Following the lead of the Chronicle of Higher Education, we asked the scholars on the floor of JRC to consider which book published in the last 30 years most changed their minds. Today we add a few more books to the list:
Dr. Anne Klejment – Thich Nhat Hanh’s Miracle of Mindfulness.
Nhat Hanh is a Vietnamese Buddhist monk that lives in exile in France. I first read the book many years ago when I was in grad school and studying the Vietnam War and resistance to the war. He taught simple practices that urged me to pay attention to the present moment. I multi task poorly so I needed to absorb his ideas. Nhat Hanh convinced me to forget about trying to do a zillion things at one time and to focus on just one. During difficult times, I keep returning to Nhat Hanh’s teachings in this book and in some of his others.
Dr. Will Cavert – Scarcity: Why Having Too Little Means So Much by Sendhil Mullainathan and Eldar Shafir
In the opening scene of Dickens’ Christmas Carol we learn about Scrooge’s miserliness and Bob Cratchit’s poverty through the humble example of the fireplace. Scrooge’s fire was “very small,” but Cratchit’s was “so very much smaller that it looked like one coal.” Cratchit, pathetically, was reduced to warming his busy hands over a meager candle flame.
Cratchit’s story is set in London of the 1840s, but coal burning was a crucial aspect of life in Britain’s capital for 250 years before that. During the years that I have researched coal burning and coal smoke I have encountered many people who, like Cratchit, claimed to be cold and miserable, but who, unlike Cratchit, did not suffer quietly. Londoners of the 17th and 18th century complained that when fuel prices were too high they must certainly freeze, starve, and die. Many elites feared that such moments would cause rebellions. But how could I make sense of such claims? High fuel prices are frustrating, certainly, but could they really lead to such desperation? I struggled for ways to understand how exactly high coal prices could matter so very much to London’s poor people.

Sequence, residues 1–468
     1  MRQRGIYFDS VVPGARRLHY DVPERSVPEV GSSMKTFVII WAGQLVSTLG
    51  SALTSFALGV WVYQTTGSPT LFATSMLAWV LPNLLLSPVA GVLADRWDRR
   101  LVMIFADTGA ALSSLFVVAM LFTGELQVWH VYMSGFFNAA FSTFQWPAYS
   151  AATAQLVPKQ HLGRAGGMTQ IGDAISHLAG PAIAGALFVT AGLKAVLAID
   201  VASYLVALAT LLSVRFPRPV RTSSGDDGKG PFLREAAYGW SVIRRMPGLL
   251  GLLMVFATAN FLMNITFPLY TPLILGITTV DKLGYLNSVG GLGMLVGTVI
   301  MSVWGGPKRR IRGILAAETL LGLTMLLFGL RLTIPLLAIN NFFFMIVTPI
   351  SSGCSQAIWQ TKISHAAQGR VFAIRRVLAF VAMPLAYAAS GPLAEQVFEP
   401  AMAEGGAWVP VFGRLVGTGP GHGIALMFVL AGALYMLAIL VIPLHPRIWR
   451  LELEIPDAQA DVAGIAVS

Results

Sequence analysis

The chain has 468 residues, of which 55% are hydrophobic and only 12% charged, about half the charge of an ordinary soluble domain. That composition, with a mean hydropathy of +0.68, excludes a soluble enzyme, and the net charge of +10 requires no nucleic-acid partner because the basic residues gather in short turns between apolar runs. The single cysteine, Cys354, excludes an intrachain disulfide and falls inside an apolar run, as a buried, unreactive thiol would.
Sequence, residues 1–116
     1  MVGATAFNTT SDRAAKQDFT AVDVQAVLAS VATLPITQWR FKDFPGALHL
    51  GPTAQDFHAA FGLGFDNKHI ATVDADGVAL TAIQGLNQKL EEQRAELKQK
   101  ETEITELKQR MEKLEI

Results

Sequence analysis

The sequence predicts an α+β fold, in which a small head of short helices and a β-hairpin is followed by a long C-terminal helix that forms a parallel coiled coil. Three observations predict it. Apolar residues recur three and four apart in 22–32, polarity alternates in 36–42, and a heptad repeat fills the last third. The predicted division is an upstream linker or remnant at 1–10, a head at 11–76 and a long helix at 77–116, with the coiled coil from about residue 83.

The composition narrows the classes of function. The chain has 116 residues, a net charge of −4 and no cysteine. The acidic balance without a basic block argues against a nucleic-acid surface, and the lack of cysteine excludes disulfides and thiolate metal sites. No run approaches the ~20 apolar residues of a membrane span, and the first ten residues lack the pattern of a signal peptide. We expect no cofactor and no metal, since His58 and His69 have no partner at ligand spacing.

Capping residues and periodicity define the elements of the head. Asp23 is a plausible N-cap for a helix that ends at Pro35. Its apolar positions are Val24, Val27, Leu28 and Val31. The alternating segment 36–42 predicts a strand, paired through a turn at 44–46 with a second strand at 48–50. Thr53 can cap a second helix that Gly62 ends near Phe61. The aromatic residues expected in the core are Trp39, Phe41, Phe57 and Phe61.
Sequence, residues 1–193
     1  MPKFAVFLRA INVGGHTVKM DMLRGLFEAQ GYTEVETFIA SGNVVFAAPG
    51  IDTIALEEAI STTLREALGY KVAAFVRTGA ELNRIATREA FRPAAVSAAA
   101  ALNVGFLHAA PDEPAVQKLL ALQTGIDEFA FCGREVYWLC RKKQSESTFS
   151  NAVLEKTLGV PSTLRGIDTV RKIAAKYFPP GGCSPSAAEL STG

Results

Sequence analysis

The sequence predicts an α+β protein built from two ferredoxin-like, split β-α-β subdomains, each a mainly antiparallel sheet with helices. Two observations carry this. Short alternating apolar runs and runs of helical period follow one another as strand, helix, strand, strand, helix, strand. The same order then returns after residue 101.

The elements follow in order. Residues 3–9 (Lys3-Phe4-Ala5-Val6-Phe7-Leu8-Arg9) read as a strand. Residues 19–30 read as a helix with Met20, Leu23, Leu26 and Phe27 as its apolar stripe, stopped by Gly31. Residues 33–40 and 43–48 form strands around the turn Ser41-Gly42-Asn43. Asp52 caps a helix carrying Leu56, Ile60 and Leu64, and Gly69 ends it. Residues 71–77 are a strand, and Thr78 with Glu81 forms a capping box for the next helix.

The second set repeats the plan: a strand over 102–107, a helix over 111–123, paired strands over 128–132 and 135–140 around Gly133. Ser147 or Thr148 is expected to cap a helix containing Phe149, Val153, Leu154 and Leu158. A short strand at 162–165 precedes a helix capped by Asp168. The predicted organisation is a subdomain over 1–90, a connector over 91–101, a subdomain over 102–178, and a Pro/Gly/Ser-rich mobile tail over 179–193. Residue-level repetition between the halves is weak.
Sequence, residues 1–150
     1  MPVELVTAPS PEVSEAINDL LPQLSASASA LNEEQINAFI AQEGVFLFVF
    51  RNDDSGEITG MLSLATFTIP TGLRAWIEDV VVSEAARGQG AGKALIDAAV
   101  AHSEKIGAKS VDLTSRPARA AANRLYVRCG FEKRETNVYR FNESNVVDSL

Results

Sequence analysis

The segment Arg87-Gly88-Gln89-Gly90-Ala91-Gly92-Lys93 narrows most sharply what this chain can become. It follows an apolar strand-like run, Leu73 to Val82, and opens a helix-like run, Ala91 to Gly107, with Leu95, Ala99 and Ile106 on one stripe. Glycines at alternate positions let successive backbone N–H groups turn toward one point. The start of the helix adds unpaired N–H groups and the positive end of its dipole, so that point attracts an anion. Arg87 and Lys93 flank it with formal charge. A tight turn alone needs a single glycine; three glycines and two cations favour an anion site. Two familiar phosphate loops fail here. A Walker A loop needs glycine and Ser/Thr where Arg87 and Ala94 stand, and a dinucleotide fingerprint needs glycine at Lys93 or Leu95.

The book that changed my thinking about this question, and about much else, is Scarcity: Why having too little means so much, by economist Sendhil Mullainathan and psychologist Eldar Shafir. They describe a series of experiments that show that under conditions of scarcity people’s cognitive capacities adjust: they focus on immediate goals, they ignore the long-term future, they concentrate on what they really need right now. Poor people really do, they argue, think differently. But that’s not because poor people are stupid, but rather because they are smart. Focusing on immediate needs is a very good survival strategy for people who barely scrape by, when tomorrow is uncertain and need is immediate. But such strategies have devastating long-term consequences, from missed opportunities to debt to lack of education. The authors try to convince a non-poor reader of their case by showing how these cognitive changes affect everyone under conditions of scarcity. Middle-class people quickly think differently when they undergo scarcities, even in short and simple experiments. It’s not that poor people aren’t as smart as rich people, but rather the opposite: the experience of scarcity changes how people think.
For me, this helped explain how seriously poor people might suffer in London when coal prices doubled or tripled in the middle of winter, as well as how desperate they might be to avoid the devastating consequences of even a brief price rise. Scarcity’s authors have different goals: to use the methods of the social scientists to inform social policy that responds to the real experiences and needs of the poor.